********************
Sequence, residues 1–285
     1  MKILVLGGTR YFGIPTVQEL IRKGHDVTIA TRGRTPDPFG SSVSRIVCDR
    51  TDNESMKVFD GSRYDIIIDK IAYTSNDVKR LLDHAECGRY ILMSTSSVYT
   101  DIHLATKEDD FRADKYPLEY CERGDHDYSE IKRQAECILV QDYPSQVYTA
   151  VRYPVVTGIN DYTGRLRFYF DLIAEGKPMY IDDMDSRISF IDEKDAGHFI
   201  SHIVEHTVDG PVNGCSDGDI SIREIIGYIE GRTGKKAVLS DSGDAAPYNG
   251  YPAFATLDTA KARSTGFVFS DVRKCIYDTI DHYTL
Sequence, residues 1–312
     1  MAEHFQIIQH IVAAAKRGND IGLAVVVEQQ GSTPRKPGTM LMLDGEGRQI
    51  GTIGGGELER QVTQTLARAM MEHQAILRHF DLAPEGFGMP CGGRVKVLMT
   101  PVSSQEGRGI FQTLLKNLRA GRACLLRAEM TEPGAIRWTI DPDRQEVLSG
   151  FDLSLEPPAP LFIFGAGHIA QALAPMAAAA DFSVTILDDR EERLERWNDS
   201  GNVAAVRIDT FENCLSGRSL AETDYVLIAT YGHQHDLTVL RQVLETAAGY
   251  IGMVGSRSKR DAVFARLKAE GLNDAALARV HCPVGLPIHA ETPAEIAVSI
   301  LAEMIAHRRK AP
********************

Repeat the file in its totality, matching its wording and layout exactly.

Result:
Sequence, residues 1–285
     1  MKILVLGGTR YFGIPTVQEL IRKGHDVTIA TRGRTPDPFG SSVSRIVCDR
    51  TDNESMKVFD GSRYDIIIDK IAYTSNDVKR LLDHAECGRY ILMSTSSVYT
   101  DIHLATKEDD FRADKYPLEY CERGDHDYSE IKRQAECILV QDYPSQVYTA
   151  VRYPVVTGIN DYTGRLRFYF DLIAEGKPMY IDDMDSRISF IDEKDAGHFI
   201  SHIVEHTVDG PVNGCSDGDI SIREIIGYIE GRTGKKAVLS DSGDAAPYNG
   251  YPAFATLDTA KARSTGFVFS DVRKCIYDTI DHYTL
Sequence, residues 1–312
     1  MAEHFQIIQH IVAAAKRGND IGLAVVVEQQ GSTPRKPGTM LMLDGEGRQI
    51  GTIGGGELER QVTQTLARAM MEHQAILRHF DLAPEGFGMP CGGRVKVLMT
   101  PVSSQEGRGI FQTLLKNLRA GRACLLRAEM TEPGAIRWTI DPDRQEVLSG
   151  FDLSLEPPAP LFIFGAGHIA QALAPMAAAA DFSVTILDDR EERLERWNDS
   201  GNVAAVRIDT FENCLSGRSL AETDYVLIAT YGHQHDLTVL RQVLETAAGY
   251  IGMVGSRSKR DAVFARLKAE GLNDAALARV HCPVGLPIHA ETPAEIAVSI
   301  LAEMIAHRRK AP